Everyone wants power and everyone is in a constant duplicitous game to gain more power at the expense of others, according to Greene, a screenwriter and former editor at Esquire (Elffers, a book packager, designed the volume, with its attractive marginalia). We live today as courtiers once did in royal courts: we must appear civil while attempting to crush all those around us. This power game can be played well or poorly, and in these 48 laws culled from the history and wisdom of the world’s greatest power players are the rules that must be followed to win. These laws boil down to being as ruthless, selfish, manipulative, and deceitful as possible. Each law, however, gets its own chapter: “Conceal Your Intentions,” “Always Say Less Than Necessary,” “Pose as a Friend, Work as a Spy,” and so on. Each chapter is conveniently broken down into sections on what happened to those who transgressed or observed the particular law, the key elements in this law, and ways to defensively reverse this law when it’s used against you. Quotations in the margins amplify the lesson being taught. While compelling in the way an auto accident might be, the book is simply nonsense. Rules often contradict each other. We are told, for instance, to “be conspicuous at all cost,” then told to “behave like others.” More seriously, Greene never really defines “power,” and he merely asserts, rather than offers evidence for, the Hobbesian world of all against all in which he insists we live. The world may be like this at times, but often it isn’t. To ask why this is so would be a far more useful project.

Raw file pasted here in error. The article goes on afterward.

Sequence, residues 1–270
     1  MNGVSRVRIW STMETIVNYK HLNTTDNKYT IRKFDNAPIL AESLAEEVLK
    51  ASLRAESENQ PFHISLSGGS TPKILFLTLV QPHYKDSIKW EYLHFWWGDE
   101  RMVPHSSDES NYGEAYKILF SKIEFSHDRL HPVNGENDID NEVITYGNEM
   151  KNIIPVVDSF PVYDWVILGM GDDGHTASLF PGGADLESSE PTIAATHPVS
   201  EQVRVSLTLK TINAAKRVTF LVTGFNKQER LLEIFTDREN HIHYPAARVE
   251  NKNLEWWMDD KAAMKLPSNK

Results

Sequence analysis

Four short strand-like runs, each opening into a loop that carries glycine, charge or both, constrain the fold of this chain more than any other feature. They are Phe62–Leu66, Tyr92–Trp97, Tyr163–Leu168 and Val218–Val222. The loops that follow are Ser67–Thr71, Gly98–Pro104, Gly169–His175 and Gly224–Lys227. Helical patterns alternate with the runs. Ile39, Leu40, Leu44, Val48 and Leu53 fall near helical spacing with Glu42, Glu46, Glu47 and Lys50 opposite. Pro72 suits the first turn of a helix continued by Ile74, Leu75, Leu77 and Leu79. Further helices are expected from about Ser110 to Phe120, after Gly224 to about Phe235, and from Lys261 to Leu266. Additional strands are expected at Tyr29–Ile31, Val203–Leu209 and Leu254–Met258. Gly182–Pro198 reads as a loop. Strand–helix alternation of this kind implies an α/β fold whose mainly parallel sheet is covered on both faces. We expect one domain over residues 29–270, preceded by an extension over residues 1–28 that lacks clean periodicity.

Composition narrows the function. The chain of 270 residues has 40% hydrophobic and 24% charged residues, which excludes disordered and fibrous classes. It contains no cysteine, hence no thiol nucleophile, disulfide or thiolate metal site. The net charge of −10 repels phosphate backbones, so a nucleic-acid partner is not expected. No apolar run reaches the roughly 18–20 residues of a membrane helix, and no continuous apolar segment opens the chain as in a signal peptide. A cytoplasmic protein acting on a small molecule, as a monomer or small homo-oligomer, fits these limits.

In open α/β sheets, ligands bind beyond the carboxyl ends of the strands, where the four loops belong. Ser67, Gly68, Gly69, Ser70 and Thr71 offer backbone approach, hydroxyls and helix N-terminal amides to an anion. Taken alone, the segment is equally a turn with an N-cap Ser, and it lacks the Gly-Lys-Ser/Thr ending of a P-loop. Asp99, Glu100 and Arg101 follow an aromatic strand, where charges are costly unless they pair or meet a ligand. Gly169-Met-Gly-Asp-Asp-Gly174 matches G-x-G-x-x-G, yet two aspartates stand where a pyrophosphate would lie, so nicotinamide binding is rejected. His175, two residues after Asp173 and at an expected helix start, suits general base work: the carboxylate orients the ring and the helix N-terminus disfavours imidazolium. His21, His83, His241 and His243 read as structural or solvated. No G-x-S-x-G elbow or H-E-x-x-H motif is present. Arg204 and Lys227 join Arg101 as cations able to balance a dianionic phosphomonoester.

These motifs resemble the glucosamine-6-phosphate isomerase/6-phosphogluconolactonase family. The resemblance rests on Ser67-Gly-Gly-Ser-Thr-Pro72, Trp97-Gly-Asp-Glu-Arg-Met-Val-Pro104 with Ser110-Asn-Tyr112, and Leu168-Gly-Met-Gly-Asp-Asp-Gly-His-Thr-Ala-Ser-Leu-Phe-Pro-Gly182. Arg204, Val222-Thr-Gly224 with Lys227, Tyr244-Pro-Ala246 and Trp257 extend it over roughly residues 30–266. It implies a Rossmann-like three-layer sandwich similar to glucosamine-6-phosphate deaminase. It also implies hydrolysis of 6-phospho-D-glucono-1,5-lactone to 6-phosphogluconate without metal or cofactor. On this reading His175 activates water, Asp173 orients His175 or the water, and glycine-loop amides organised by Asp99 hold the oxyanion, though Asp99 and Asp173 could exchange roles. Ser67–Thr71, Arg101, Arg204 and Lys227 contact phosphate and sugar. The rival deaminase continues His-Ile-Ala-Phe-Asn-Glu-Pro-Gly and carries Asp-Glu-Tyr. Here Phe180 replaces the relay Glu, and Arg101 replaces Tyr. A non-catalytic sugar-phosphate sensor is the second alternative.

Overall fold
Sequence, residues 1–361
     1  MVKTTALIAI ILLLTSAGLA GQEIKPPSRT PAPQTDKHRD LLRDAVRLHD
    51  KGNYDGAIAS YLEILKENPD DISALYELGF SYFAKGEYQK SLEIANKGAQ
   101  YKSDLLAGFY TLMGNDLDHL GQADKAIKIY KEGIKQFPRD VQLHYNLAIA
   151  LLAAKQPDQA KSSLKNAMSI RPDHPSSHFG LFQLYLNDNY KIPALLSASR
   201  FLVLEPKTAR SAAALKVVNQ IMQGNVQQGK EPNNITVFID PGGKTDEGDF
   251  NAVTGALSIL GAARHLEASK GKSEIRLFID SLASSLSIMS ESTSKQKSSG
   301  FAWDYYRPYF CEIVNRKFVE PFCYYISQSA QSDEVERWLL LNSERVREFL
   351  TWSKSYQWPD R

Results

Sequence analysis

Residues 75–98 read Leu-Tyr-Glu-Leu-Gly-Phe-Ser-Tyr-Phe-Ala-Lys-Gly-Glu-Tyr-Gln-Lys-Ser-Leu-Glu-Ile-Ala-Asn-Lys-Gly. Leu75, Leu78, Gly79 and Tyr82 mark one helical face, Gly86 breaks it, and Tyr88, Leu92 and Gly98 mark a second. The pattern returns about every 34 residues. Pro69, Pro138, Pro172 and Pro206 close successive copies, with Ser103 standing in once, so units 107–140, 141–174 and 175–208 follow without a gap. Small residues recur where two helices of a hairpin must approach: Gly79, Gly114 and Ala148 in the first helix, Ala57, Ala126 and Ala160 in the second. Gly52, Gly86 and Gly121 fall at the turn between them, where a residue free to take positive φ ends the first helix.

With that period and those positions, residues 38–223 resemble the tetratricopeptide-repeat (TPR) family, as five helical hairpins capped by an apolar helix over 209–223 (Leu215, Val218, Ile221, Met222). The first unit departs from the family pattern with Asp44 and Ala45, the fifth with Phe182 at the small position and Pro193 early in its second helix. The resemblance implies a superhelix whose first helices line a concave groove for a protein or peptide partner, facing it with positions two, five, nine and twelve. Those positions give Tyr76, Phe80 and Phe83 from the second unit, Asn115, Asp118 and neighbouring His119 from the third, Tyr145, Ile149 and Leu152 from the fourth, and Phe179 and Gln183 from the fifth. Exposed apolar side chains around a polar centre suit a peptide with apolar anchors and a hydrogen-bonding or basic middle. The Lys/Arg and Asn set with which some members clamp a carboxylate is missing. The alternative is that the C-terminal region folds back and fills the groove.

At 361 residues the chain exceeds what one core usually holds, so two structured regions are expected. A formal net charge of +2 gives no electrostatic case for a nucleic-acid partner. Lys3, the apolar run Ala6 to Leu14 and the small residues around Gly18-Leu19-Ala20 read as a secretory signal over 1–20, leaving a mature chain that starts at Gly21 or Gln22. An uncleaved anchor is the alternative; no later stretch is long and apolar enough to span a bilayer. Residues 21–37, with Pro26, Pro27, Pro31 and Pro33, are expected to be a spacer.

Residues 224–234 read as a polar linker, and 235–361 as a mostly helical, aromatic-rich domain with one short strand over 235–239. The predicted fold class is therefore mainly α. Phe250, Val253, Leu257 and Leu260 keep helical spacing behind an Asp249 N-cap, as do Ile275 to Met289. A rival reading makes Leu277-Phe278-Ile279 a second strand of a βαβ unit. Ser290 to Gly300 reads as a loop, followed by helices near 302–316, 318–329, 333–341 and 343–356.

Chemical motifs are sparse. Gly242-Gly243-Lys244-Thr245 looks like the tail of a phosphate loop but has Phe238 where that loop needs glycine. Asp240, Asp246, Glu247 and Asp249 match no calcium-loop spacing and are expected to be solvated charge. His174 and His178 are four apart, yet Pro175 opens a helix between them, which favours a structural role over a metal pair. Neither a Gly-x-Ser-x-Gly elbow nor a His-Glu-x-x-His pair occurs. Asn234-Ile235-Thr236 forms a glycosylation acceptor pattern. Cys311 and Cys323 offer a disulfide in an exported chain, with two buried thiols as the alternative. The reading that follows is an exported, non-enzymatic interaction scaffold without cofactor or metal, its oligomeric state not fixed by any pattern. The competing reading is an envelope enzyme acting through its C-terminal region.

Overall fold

If the authors are serious, this is a silly, distasteful book. If they are not, it’s a brilliant satire.

Pub Date: Sept. 1, 1998

ISBN: 0-670-88146-5

Page Count: 430

Publisher: Viking

Review Posted Online: May 20, 2010

Kirkus Reviews Issue: July 15, 1998

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The author's youthfulness helps to assure the inevitable comparison with the Anne Frank diary although over and above the...

NIGHT

Elie Wiesel spent his early years in a small Transylvanian town as one of four children. 

He was the only one of the family to survive what Francois Maurois, in his introduction, calls the "human holocaust" of the persecution of the Jews, which began with the restrictions, the singularization of the yellow star, the enclosure within the ghetto, and went on to the mass deportations to the ovens of Auschwitz and Buchenwald. There are unforgettable and horrifying scenes here in this spare and sombre memoir of this experience of the hanging of a child, of his first farewell with his father who leaves him an inheritance of a knife and a spoon, and of his last goodbye at Buchenwald his father's corpse is already cold let alone the long months of survival under unconscionable conditions. 

The author's youthfulness helps to assure the inevitable comparison with the Anne Frank diary although over and above the sphere of suffering shared, and in this case extended to the death march itself, there is no spiritual or emotional legacy here to offset any reader reluctance.

Pub Date: Jan. 16, 2006

ISBN: 0374500010

Page Count: 120

Publisher: Hill & Wang

Review Posted Online: Oct. 7, 2011

Kirkus Reviews Issue: Jan. 15, 2006